# # Introduction to PostgreSQL window functions

## # What are window functions?

A window function allows us to perform a calculation across a set of rows related to the current row. This is similar to using `GROUP BY`, because we have access to data related to a row, but it doesn't group rows together in the output.

A window is a set of rows related to the current row, on which we can perform calculations using a window function.

### # A simple example

This is the data set we're working with:

id name salary department
1 Rolf Smith 35000 Product
2 Bob Smith 55000 Research
3 Anne Pun 87000 Product
4 Charlie Robert 100000 Research

Let's say that for each employee, we want to get their salary and the average salary of the group. Here's an invalid query:

``````SELECT salary, AVG(salary) FROM employees;
``````

This is invalid because in order to evaluate `AVG(salary)`, we must group by it first. Otherwise, the intuitive result should be something like this:

salary avg
35000 69250
55000 69250
87000 69250
100000 69250

If we `GROUP BY` salary then it works, but the end result is normally even less useful:

``````SELECT salary, AVG(salary) FROM employees GROUP BY salary;
``````
salary avg
35000 35000
55000 55000
87000 87000
100000 100000

What's happening here is that the `AVG` function is operating on what we call the current row.

The current row is each group of data in this case, since that is what `GROUP BY` is used for.

However, we can use a window function to make the `AVG` function operate on another set of rows, rather than just the current row.

This is valid:

``````SELECT salary, AVG(salary) OVER() FROM employees;
``````

What `OVER()` does is tell `AVG` that it should operate on related rows, which by default is the whole table, instead of the current row.

Because `AVG` is operating on the whole table, the result is:

salary sum
35000 69250
55000 69250
87000 69250
100000 69250

Inside the brackets of `OVER()`, we could place a definition of the window. That would affect which rows the `AVG` operates on. More examples in just a moment!

What part is the window function?

PostgreSQL comes with a bunch of functions that must use `OVER()` in order to function. Those functions are "window functions". Some other functions, such as `AVG()`, `COUNT()`, or `SUM()`, can also be used as window functions.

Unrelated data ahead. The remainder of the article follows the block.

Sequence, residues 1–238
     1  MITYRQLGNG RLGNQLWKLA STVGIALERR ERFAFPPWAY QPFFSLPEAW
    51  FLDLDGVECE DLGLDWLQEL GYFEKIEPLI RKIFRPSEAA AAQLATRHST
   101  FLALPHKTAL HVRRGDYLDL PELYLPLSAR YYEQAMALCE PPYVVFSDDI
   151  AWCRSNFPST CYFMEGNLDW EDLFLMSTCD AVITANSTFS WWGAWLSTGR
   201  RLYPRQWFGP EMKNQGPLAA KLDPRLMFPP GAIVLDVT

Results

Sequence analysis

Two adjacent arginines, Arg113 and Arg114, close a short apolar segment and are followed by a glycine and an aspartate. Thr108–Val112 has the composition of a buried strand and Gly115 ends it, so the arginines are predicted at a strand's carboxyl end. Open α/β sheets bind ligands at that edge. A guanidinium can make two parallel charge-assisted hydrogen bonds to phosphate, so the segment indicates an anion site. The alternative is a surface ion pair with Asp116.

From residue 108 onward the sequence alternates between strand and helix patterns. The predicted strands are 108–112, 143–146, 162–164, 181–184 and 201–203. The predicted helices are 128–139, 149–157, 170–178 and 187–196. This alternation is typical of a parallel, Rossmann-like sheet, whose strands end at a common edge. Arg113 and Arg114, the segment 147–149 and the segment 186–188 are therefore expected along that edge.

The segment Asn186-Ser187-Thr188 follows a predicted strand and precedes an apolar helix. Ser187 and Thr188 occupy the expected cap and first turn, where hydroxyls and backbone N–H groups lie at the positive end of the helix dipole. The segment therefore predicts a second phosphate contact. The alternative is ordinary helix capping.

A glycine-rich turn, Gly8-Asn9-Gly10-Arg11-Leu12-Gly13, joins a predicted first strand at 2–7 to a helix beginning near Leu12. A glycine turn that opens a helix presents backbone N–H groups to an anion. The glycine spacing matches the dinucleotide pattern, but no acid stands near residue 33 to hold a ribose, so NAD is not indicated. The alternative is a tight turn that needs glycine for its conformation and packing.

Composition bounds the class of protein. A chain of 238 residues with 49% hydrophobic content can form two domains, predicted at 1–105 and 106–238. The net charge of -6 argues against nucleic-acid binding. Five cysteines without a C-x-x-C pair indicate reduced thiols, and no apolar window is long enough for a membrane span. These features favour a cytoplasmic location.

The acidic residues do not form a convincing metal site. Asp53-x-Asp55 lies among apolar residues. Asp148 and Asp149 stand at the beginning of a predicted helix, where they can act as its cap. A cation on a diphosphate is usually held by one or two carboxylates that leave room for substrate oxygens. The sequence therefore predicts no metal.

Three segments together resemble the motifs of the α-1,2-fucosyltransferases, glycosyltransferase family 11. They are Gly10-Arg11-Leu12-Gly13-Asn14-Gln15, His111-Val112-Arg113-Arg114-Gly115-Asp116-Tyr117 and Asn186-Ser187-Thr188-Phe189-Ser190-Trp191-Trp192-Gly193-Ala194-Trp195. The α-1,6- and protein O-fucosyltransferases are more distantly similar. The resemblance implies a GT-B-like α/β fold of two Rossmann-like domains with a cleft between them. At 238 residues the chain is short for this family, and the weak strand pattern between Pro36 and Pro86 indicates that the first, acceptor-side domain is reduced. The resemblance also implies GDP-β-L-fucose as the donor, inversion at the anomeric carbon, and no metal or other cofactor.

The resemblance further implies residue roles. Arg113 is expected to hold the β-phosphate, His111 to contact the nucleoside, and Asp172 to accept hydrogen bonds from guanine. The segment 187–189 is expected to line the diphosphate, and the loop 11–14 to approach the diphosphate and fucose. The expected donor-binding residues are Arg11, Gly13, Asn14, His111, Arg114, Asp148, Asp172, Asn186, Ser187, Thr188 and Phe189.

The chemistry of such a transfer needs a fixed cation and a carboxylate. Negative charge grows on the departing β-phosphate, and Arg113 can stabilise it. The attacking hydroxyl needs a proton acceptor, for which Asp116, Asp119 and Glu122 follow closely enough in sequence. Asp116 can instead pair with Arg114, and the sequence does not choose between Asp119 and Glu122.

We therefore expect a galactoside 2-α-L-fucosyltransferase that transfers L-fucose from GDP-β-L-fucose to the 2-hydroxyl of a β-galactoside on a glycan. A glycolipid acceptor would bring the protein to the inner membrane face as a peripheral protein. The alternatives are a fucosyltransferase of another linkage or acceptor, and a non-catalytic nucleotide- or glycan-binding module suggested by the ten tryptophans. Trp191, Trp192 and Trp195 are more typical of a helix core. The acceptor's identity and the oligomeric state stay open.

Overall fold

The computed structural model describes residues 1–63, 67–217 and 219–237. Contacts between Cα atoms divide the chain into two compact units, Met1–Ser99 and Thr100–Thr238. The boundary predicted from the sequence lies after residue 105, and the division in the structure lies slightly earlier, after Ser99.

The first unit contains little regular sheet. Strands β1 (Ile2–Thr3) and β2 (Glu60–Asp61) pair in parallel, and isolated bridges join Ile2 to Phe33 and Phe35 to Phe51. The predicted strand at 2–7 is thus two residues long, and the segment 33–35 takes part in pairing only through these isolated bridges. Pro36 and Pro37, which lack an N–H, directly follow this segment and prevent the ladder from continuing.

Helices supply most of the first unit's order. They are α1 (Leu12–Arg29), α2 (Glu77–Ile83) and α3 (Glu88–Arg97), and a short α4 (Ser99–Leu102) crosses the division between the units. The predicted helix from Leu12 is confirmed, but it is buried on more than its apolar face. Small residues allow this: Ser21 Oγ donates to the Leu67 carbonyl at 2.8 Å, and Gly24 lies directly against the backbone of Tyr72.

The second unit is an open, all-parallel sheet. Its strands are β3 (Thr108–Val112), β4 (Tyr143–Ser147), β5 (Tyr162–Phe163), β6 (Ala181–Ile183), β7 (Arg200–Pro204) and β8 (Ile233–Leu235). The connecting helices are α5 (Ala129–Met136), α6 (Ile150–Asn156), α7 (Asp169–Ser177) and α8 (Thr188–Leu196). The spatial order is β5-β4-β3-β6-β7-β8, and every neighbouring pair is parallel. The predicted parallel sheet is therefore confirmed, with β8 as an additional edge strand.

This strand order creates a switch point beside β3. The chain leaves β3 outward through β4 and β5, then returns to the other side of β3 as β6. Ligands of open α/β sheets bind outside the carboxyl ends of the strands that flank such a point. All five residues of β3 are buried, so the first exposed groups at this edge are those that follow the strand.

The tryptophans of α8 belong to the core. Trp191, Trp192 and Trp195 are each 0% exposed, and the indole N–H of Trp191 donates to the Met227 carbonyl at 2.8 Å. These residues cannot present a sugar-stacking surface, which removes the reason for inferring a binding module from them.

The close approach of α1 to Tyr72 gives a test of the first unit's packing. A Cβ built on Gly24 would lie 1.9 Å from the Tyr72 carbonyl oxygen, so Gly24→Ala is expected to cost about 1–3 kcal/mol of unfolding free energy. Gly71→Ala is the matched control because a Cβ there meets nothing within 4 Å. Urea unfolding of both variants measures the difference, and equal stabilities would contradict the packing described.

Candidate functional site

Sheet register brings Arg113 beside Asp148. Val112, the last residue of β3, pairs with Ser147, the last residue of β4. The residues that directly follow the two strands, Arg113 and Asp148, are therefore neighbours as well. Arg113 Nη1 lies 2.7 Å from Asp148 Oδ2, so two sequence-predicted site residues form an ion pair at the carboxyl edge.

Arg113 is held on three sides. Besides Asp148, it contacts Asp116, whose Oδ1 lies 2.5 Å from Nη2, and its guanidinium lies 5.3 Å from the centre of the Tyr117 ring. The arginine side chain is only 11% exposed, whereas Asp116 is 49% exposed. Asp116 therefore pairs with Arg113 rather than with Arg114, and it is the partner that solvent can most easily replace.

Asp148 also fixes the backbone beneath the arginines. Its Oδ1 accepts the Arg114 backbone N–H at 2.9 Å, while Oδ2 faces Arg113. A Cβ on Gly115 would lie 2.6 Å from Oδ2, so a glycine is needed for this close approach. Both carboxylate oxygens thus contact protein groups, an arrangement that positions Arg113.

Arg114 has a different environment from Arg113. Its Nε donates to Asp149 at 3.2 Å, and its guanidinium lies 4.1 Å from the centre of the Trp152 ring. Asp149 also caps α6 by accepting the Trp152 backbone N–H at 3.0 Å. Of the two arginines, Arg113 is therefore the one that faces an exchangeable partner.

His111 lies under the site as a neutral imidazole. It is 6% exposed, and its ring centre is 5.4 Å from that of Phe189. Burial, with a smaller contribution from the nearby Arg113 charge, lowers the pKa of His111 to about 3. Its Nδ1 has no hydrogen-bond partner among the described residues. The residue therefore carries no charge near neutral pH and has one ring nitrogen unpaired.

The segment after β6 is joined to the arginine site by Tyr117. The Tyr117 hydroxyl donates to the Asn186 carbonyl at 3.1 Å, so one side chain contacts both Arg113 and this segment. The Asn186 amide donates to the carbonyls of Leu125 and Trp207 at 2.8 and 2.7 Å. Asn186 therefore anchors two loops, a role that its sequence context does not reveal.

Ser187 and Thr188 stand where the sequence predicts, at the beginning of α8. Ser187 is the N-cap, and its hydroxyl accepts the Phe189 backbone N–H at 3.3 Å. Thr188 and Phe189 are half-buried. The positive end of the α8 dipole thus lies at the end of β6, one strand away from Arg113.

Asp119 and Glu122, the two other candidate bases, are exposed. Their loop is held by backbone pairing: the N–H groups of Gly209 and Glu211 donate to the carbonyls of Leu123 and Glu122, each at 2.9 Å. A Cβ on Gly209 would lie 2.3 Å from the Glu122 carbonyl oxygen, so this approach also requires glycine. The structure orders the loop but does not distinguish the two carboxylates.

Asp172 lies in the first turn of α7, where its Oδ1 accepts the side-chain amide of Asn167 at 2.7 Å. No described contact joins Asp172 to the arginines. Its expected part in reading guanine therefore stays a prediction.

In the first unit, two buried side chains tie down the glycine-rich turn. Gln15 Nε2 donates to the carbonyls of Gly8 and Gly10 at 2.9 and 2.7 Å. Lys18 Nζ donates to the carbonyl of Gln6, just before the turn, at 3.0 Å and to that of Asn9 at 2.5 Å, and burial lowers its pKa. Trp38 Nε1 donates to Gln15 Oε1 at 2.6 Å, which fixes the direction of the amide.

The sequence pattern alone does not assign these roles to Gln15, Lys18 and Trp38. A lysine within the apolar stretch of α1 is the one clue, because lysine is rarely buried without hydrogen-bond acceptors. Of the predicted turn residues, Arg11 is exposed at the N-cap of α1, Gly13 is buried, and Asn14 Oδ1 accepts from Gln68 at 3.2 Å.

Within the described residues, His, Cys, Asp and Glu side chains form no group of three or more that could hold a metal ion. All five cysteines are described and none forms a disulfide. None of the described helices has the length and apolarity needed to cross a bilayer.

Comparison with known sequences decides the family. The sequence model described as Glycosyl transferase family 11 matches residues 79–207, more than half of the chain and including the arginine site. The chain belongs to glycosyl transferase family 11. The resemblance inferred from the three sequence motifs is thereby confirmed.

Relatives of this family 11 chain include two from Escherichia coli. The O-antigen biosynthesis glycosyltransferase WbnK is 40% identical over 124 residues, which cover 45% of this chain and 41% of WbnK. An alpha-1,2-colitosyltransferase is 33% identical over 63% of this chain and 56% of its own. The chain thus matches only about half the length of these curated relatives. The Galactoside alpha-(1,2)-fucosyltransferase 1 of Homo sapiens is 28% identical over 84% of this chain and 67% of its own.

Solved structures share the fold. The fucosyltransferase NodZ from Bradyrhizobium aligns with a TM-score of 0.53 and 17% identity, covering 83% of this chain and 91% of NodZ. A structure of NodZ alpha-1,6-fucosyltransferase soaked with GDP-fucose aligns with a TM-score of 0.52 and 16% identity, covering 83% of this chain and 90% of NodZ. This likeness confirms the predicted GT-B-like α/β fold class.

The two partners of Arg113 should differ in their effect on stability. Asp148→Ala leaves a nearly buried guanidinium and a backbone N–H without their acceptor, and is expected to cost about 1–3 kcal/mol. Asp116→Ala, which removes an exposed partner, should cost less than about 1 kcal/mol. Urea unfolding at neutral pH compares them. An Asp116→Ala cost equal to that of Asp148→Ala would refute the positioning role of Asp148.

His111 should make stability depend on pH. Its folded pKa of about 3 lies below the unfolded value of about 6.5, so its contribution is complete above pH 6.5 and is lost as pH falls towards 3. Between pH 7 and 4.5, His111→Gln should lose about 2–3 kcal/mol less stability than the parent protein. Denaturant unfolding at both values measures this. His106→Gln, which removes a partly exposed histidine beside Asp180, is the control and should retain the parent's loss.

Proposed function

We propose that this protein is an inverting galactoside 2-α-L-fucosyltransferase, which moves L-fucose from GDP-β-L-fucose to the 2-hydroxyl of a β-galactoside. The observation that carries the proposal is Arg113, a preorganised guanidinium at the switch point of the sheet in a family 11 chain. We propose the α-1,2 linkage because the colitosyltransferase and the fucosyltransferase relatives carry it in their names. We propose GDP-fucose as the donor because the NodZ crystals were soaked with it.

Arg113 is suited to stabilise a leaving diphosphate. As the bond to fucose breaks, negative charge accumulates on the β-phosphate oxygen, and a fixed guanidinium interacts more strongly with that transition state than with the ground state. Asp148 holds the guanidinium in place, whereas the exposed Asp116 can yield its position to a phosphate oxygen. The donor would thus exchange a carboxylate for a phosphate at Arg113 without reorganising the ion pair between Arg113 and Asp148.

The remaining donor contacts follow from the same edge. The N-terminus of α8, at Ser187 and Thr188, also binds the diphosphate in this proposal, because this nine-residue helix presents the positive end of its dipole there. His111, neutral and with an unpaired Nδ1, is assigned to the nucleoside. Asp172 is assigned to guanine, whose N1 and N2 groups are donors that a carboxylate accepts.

I'd recommend reading the "The `ROW_NUMBER()`, `RANK()`, and `DENSE_RANK()` functions" section of the PostgreSQL tutorial[1] for three really cool examples of specific window functions in use.

## # When are window functions evaluated?

From the official documentation[2]:

If the query contains any window functions[3][4][5], these functions are evaluated after any grouping, aggregation, and `HAVING` filtering is performed. That is, if the query uses any aggregates, `GROUP BY`, or `HAVING`, then the rows seen by the window functions are the group rows instead of the original table rows from FROM/WHERE.

The documentation isn't explicit on this, but window functions also run after the normal `WHERE` filtering is applied. In a window function, you have access to the full result set (so you're not limited by the columns you're `SELECT`ing).

Window functions can be used in the `SELECT` list and in `ORDER BY`, but nowhere else!

## # Next steps

We've learned about window functions in this chapter. Window functions run in related rows, and don't affect the grouping or values of the main result set.

Some window functions need a sorted column to operate on, and we give it using `ORDER BY column`.

We can further subdivide the rows on which a window function operates by using `PARTITION BY column`.

Some window functions also accept arguments, although we haven't looked at those here. For more examples, check out the PostgreSQL tutorial page on window functions[1:1]. It's good!